Thursday, December 17, 2020

Review: THIS IS HOW YOU LOSE THE TIME WAR by Amal El-Mohtar & Max Gladstone


Rating: 3.5/5 stars

This Is How You Lose the Time War has jumped up to the top of my list recently as I’m trying to read more sci-fi stories and this novella is only 198 pages with super short chapters. I could have finished it in a single sitting if I wanted to had I not been busy with life responsibilities.

I honestly had no idea what was going on during the entire story, but I was compelled enough to keep turning the pages one after the other until the end. The writing was gorgeous and poetic. And oh my heart, that ending.

This story follows two individuals, Blue and Red, who are on opposite sides of a war across time. They leave letters for each other in different locations on different strands of time, not knowing if the other will ever find them or not. At first, they are enemies, and their letters tease and taunt. But eventually, you can see them becoming friends and looking forward to the consistency and comfort of each other’s letters in an ever-changing world. And eventually still, you can see them finding solace in the other and falling in love, despite them still technically being enemies. They become star-crossed lovers, so to speak, yearning for what they can never have.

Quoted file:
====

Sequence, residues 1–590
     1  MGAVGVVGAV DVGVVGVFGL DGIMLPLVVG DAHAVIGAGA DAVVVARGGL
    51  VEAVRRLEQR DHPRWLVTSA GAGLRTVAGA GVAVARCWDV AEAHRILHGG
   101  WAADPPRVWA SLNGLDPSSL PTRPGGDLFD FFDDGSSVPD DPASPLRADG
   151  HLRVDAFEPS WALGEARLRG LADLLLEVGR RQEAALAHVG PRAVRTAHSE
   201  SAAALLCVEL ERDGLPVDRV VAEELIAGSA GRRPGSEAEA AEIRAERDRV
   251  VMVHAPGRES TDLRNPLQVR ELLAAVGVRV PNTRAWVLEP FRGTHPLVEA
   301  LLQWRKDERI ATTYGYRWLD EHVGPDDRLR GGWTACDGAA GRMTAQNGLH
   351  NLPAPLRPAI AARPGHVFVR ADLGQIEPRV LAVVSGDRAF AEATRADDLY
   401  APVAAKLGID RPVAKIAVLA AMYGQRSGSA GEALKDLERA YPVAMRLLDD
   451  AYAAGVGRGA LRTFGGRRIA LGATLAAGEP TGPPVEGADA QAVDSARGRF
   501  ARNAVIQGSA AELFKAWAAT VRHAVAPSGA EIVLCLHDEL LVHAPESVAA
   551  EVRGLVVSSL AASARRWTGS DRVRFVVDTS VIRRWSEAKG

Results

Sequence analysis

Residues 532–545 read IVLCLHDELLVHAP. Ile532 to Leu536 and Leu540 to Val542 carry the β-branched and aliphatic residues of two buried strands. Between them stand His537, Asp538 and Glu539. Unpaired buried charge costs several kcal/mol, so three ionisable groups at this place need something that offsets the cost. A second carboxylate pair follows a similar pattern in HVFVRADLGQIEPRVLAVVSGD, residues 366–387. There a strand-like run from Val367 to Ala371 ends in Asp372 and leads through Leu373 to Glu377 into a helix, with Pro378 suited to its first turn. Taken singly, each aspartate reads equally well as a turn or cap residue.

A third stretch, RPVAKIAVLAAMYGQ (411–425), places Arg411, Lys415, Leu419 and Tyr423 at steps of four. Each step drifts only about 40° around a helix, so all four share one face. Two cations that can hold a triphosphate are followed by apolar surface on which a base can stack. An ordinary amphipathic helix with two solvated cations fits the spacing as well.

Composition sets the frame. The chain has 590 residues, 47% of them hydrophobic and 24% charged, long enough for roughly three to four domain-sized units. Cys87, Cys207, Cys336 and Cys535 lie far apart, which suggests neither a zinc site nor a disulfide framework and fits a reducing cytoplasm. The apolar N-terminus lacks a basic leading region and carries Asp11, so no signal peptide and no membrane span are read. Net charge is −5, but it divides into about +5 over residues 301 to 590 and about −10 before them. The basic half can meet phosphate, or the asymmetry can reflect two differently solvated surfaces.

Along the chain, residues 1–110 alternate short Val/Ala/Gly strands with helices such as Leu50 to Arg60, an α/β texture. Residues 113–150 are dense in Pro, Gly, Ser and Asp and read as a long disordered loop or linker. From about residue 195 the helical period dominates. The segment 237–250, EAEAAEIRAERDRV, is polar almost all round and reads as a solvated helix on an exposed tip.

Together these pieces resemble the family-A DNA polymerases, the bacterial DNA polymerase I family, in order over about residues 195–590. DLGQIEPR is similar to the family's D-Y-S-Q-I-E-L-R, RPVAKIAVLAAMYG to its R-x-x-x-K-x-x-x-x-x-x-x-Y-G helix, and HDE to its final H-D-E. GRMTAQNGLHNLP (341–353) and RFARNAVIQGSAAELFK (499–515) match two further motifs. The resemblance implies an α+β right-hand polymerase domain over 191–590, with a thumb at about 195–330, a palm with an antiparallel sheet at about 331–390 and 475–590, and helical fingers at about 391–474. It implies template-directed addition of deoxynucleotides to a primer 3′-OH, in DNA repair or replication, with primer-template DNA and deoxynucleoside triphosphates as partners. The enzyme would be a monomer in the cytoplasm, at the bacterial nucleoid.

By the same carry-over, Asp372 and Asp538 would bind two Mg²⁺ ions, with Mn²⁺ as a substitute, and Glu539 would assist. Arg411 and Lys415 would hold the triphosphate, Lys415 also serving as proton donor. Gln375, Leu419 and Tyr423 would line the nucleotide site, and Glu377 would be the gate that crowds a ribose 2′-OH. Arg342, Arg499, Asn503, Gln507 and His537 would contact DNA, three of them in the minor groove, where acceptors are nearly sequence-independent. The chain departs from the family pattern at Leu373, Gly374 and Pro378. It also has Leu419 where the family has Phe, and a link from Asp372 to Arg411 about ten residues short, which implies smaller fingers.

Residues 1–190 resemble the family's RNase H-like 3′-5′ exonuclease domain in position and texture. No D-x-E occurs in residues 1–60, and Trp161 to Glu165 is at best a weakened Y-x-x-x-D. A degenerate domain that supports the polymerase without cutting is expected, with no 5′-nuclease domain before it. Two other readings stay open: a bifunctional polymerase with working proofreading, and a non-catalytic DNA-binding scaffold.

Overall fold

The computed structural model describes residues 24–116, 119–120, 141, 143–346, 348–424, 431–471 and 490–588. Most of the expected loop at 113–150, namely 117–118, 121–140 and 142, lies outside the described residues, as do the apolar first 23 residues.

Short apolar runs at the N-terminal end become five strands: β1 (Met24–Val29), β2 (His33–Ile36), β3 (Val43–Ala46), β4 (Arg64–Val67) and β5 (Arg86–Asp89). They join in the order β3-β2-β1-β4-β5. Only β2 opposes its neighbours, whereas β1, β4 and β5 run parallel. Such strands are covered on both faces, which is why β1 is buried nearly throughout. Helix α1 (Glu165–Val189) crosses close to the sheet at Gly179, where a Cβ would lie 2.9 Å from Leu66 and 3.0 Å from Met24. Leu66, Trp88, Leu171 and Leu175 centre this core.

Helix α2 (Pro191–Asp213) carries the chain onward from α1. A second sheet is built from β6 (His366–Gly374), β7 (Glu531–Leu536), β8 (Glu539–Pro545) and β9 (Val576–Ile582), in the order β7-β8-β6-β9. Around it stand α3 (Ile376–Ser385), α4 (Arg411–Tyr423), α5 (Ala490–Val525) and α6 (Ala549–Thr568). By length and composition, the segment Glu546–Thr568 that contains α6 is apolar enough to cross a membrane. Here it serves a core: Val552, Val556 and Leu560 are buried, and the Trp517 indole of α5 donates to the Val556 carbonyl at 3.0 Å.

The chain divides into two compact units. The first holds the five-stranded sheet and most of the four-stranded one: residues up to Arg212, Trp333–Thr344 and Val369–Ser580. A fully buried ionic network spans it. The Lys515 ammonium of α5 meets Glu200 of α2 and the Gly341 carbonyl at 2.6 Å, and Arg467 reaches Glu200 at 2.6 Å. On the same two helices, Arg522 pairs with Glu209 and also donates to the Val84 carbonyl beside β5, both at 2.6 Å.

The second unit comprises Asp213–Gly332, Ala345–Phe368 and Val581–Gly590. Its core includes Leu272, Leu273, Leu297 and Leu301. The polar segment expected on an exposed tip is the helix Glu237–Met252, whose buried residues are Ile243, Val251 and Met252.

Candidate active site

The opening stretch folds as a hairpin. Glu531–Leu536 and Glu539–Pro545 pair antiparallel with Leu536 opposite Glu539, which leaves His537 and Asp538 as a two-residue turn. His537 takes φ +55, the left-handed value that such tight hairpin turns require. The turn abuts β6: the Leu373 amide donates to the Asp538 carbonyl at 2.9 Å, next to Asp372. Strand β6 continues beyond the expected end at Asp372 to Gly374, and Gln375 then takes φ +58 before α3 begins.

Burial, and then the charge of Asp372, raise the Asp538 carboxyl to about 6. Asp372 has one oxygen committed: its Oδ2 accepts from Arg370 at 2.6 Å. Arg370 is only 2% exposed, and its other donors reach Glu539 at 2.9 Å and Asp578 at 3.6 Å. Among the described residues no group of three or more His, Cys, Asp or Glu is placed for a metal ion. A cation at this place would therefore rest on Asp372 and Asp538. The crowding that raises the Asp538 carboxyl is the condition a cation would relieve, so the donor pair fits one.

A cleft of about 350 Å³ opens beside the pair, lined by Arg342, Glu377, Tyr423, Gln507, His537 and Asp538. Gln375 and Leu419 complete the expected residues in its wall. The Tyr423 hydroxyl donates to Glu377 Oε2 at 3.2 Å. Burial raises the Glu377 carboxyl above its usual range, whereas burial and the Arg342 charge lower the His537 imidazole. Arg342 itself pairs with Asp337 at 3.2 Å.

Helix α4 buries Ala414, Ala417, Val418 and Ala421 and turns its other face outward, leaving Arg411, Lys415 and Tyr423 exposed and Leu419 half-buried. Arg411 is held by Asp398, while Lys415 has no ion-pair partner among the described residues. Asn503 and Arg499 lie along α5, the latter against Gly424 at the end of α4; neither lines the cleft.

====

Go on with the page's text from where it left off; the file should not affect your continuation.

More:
The idea of enemies falling in love through letters exchanged across space and time really appealed to me. This book was confusing and weird but I also liked it. I still don’t even know if both Red and Blue are human though? I think yes but also maybe no? There is virtually no world-building or plot or details about the futuristic technology or the shadows that keep following them or really about anything. We don’t even know why they are fighting the war or what it’s about. And there’s only minimal character development to the point that I kept getting Red and Blue confused with each other. The book isn’t quite what I expected it to be, but I also still liked it.

Red and Blue communicate via steganography, or the practice of concealing secret messages within other messages or objects. That part was really cool, but I didn’t even realize what they were doing until over halfway into the book. A whole message would be concealed in a berry or in a bee sting; it was pretty wild and it took me a minute to wrap my head around it because I think it’s slightly beyond the bounds of current technology so my dumb brain just wasn’t getting it.

This Is How You Lose the Time War was a weird but clever novella that I couldn’t stop reading. I suspect it will take me a few rereadings to fully grasp the story and the world, but luckily this is a book I plan to return to in the future because it seems like the kind of book that will evoke new meaning with each reading. I’ve never heard of either of these authors before reading this novella, but now I’m interested in checking out some of their solo works. 

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